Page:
Make your own free website on Tripod.com
pharmacology115
Blank page3
Home
Blank page6
Nervous Systems
New Page Title
Blank page1
Blank page2
Blank page3
Blank page4
Blank page5

Enter subhead content here

Parasympatholytic bronchodilators

Clinical indications

Anticholinergic bronchodilators:

Maintenance treatment in COPD, including chronic bronchitis and emphysema.

Combined anticholinergic + β adrenergic bronchodilators:

COPD patients who require additional bronchodilation for airflow obstruction relief.

Nasal spray: Perennial rhinitis and colds.

Use in asthma

Anticholinergic bronchodilators do not have a labeled indication for asthma in the U.S.

If used in combined therapy, the effect is additive.

Special uses for asthmatic patients are:

- nocturnal asthma

- psychogenic asthma (P fibers involved?)

- asthma + glaucoma, angina or hypertension

- alternative to theophyllines

- acute severe episodes not responding well to β agonists

 

Mode of action.

Parasympatholytic bronchodilators are

antimuscarinic: they compete against ACH

for the muscarinic receptors located in the

parasympathetic neuroeffector sites, M3 in

the lungs.

Why COPD?

Bronchoconstriction seen in COPD is partially caused by an

autonomic arc reflex which responds to stimuli such as

irritant aerosols, cold air, tobacco smoke, noxious fumes and

inflammatory mediators.

Muscarinic receptors in the lung

M1

Facilitators of the cholinergic transmission. They "help" the nicotinic receptors at the ganglionic synapse.

M2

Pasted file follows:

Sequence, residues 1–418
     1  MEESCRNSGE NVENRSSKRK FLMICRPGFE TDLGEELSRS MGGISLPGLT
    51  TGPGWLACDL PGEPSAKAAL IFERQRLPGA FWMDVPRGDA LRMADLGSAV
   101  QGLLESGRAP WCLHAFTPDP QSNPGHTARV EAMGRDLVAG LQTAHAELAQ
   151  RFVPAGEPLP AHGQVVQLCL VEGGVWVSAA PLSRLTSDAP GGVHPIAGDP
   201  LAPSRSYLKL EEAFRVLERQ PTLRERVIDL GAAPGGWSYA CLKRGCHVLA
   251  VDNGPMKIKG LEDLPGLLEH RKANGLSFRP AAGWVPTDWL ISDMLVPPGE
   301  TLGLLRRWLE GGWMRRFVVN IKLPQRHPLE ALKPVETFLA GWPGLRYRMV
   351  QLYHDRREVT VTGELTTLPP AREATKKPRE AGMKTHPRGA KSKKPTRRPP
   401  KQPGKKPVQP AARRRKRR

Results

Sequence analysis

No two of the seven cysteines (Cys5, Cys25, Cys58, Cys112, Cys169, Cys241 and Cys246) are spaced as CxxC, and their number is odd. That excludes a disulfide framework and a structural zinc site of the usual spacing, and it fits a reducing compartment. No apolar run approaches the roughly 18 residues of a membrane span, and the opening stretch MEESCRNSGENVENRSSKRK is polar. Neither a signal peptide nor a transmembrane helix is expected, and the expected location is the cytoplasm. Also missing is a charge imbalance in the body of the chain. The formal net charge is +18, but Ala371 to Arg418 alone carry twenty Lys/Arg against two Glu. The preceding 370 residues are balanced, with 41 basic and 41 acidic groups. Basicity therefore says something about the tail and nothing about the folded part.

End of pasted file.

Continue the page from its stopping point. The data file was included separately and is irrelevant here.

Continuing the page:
"Autoreceptors"; they inhibit further release of ACH.

M3

Located in the bronchial smooth muscle, in contact with parasympathetic fibers. its blockade prevents bronchoconstriction.

Antimuscarinic agents block both M1 and M3 receptors.

Ipratropium bromide

IB is a non-selective antagonist of M1, M2

and M3 receptors.

Brand name: Atrovent

Dosage forms Adult dosage

MDI 18 μg/puff 2 puffs qid

SVN .02% 2.5 ml tid-qid

          Structure-activity relation:

IB is a quaternary ammonium compound.

It is fully ionized (fig 7.1, p. 140) and doesnt distribute well across lipid membranes, limiting its distribution mostly to the lung when inhaled.

It isnt rapidly removed from the aerosol site and doesnt reach the CNS (less side effects).

          Pharmacokinetics:

Onset of action: Within a few minutes

Peak effect: 1-2 hours

Half life: 6 hours (asthma) and 8 hours (COPD)

Tiotropium bromide

Brand name: Spiriva

Dosage form: DPI 18 μg/dose

Adult dosage: 18 μg daily

Advantages:

Longer half life

Low side effect profile

Greater FEV1 improvement than IB

Combined therapy: Albuterol + Ipratropium bromide

Brand name: Combivent

Dosage form: MDI (18 μg IB + 90 μg

Albuterol/puff)

Adult dosage: 2 puffs qid

Advantages:

Action sites are complementary

Mechanisms of action are different and complementary

Effect is additive (less amount of each, less side effects)

Pharmacokinetics are somewhat complementary

Combined therapy may prevent systemic steroid use.

Side effects

MDI and SVN (common)

Dry mouth

Cough

MDI (occasional)

Nervousness Palpitations

Irritation Rash

Dizziness

Headache

          SVN

Pharyngitis Eye pain

Dyspnea Urinary retention

Flu-like symptoms

Bronchitis

Upper respiratory infections

Nausea

Occasional bronchoconstriction

< The eyes must be protected from drug over-spraying

to prevent mydriasis. >

Enter supporting content here